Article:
Recently I had a day that could only be described as a series of unfortunate events. It went from one issue to the next drama and back around to another sh*tstorm.
But I feel there are a few lessons that everyone can take away from my experience, on how-to tackle everyday challenges with your chin up.
I knew it was going to be a trying day when I looked at my phone, which I had shoved under my pillow sometime shortly after 6:15am, and thought, “It’s OK. You can still get to work on time. You can do this.” It was 7:08am.
Spoiler: This did not happen.
Instead, I ran around the house in a flap, forgot to feed the cat, couldn’t work out who I wanted to be today (i.e., what to wear), and ended up missing the last train that would’ve got me in to work on time.
Ah ha! I thought. I don’t need you, trains. I have Uber. Sure, a taxi to work is extravagant, but at this point it was a must. Besides, it was raining. Challenge one, tackled.
But when I opened the app and I pressed the “request Uber X” button, it spent a good five minutes with a little spinning wheel from hell “requesting”. Then it told me the next available car would be with me in 15 minutes. I gave up.
I ran to the station so that I didn’t miss the next train, and was on the platform, damp from rain and stress-sweat, when the next train arrived.
I fished my phone out of one of my many bags to text my colleague an apologetic message for being late when Uber informed me my driver was on his way. Driver Damien was wending his way through Sydney traffic towards my house, and I was on a train.
“For god’s sake!” I said under my breath, along with a few choice swear words, when the app wouldn’t allow me to cancel the trip that I had never knowingly booked.
My fellow passengers – well groomed and dry – glanced at me pityingly. I finally cancelled the trip, and was charged $12 for the privilege.
It was only when I finally got to work that I realised perhaps my co-commuters weren’t empathising with someone having “one of those mornings”, but wondering why that angry woman had odd streaks of make-up all over her face, a fact helpfully pointed out to me by one of my co-workers.
See, I do this thing when I get ready in the morning – I’ll dot some concealer under my eyes, around my nose, on any blemishes (OK, pimples) on my chin, right? Then I’ll do some other things so it dries just a tiny bit before I blend it in. I had forgotten to blend it in.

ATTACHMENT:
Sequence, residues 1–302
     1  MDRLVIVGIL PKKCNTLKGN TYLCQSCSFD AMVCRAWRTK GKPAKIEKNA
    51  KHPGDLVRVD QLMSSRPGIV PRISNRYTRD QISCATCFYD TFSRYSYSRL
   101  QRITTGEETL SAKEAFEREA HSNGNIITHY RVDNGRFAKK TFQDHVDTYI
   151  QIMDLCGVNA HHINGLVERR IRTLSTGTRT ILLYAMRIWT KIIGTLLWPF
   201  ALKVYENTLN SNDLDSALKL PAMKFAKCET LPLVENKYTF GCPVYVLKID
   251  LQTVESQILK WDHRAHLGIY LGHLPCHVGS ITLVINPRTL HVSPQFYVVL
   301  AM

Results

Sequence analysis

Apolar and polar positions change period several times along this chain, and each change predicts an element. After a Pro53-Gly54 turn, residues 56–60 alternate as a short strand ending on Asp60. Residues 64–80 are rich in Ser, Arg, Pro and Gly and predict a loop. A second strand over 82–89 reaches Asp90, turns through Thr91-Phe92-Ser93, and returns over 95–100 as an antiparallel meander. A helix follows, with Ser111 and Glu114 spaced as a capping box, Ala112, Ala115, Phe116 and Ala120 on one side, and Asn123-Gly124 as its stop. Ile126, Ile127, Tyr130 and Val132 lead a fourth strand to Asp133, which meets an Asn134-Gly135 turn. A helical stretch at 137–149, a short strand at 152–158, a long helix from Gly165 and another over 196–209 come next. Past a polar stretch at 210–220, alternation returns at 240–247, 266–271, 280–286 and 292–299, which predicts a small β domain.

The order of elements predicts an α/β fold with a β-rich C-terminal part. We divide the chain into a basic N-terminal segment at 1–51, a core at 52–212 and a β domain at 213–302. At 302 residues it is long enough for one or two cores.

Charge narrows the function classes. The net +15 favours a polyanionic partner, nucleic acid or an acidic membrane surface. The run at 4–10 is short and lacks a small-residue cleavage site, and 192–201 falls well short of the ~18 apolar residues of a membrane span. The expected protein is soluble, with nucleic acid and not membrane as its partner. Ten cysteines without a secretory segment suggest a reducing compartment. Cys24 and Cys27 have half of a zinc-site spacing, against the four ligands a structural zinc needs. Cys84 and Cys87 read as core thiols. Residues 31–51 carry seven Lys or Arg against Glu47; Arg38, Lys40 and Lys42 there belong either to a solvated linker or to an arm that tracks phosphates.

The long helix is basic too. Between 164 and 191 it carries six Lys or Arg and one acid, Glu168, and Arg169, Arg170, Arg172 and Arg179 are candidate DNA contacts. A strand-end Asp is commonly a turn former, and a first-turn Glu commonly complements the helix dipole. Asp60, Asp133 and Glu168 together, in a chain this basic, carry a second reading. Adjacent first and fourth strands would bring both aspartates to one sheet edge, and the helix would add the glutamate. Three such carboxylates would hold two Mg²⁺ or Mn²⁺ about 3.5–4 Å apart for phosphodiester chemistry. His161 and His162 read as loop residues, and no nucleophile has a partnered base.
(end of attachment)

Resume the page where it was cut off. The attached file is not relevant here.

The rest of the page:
Enough is enough, I thought. It’s time to turn this day around. It’s not even 9am!
“Oh, it’s a kind of contouring,” I told my colleague. “It’s the new clown contour. It’s totally hot right now. The Kardashians don’t even know about it yet.”
She was obviously impressed by this response, and my trend-forward choice.
I went to the bathroom to remedy my face situation and made yet another terrible discovery. The dress I’d chosen to wear has a much too high split up the back, so I usually pin it together, but somehow, the pin had gone missing. The split came up to mid-butt, thereby sharing my knicker choice with the rest of the world.
My face burned as I remembered energetically taking the station stairs two at a time, nimbly passing other exiting passengers and unknowingly advertising my preference for large cotton knickers.
It was too late to do anything about the dress since I was due in a meeting, so I returned to my desk, sticking to the walls, to retrieve a notepad with which to cover my bum.
Fortunately, I’d left a cardigan behind last week, necessary for the arctic air-conditioning, so I tied it around my waist, just like I used to as a teenager at school when concerned my bum was too large to be socially acceptable.
I brightened. Callypgian figures are now in vogue. It could just be that I have a fashionably large arse.
The thing about bad days is that they’re only as bad as you let them be. So I decided not to wish the day would end, and just live it. The more I believed my day was doomed, the more negative I felt, the more likely it was to become a self-fulfilling prophecy.
So I watched a YouTube video of baby twins giggling uncontrollably and it made me smile.
The meeting was tense, but since I was kicking goals left, right, and centre, it was like water off a duck’s back.
Later, not even the realisation that I’d left my lunch on the kitchen counter could dampen my spirits. I just flat-out refused to be bothered, despite not being able to afford to buy lunch until pay-day. I created an ad hoc meal from some crackers I found in my desk drawer and some stale almonds.
Eaten in the park in the sunlight, it almost felt like a picnic. I mean, yes, the worst picnic spread you could imagine, but still.
A dog wagged its tail. A kid smiled at me. As I walked back to the office, I felt a welcome breeze on my exposed backside.
The day was going to be just fine.
And yours will be too.
How do you tackle your everyday challenges?
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